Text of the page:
Is there an "absolute hot"?
Since there is an absolute zero, the coldest cold that has, does or ever could or will exist in the entire cosmos, spacially AND temporally (that theoretical limit, at least for thermal and kinetic energy - quantum mechanics and the definition and measure of POTENTIAL energy are shelves worth of complicated, and a different physics altogether - where there is NO MOTION/ACTIVITY and we're talking at down to the atomic/molecular level, is 0deg Kelvin (K), -273.15 C, and -459.67 F), is there a possible limit to how hot a temperature can be reached or amount of motion/energy measurable, thermally?
My guess would be the Planck temperature, which is 1.416785 X 10^32 Kelvin. This is about 2.55 X 10^32 degrees F. If it can go higher than that, our laws of physics can not describe it.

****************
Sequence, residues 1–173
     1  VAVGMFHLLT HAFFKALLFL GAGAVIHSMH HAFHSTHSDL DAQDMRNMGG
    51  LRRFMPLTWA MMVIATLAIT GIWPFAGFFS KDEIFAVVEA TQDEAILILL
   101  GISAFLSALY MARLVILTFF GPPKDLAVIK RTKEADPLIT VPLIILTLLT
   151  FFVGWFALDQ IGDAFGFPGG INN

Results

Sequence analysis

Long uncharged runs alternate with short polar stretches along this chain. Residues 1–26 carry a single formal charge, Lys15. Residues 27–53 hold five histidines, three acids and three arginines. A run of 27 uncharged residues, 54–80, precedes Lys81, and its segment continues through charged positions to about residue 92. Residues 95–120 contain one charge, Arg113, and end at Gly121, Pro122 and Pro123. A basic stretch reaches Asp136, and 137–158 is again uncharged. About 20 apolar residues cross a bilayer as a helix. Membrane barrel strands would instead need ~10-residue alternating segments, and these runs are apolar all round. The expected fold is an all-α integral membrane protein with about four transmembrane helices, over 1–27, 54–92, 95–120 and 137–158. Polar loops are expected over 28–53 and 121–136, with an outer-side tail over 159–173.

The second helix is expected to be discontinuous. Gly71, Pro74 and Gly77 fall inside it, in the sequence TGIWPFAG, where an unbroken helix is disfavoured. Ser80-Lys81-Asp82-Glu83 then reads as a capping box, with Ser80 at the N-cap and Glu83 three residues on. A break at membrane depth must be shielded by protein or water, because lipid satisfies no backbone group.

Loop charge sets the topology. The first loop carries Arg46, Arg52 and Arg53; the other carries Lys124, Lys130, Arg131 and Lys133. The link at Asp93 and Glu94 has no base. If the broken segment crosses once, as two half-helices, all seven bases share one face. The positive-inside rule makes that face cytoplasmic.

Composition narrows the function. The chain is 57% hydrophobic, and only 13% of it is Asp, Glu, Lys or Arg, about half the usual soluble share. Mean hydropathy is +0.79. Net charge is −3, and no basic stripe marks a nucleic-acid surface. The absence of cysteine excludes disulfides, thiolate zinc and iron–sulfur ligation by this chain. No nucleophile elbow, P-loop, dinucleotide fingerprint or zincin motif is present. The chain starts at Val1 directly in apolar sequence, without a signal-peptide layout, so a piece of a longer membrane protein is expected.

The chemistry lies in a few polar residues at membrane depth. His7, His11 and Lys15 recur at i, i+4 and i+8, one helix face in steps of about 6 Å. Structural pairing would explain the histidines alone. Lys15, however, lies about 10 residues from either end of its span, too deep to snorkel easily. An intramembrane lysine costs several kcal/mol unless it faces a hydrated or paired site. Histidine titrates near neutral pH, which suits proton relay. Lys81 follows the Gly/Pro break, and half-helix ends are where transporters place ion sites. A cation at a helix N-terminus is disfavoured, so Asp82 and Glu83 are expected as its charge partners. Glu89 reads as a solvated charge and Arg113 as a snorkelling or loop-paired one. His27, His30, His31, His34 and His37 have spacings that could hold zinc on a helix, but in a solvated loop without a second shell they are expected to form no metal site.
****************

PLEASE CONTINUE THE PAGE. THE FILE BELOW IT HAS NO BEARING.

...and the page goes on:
In quantum physics, yes, the Planck temperature is "absolute hot." It's not that things can't get hotter, it's just that we'd have no idea what would happen if they did.
Conditions before the Big Bang might be described as "above absolute hot."
In classical physics, there is no absolute hot.
In practical terms, if we could take all the energy of the universe and heat up just one particle, then all the energy of the universe would be in that particle. Everything else would be at absolute zero, and it would be as hot as anything could ever get.
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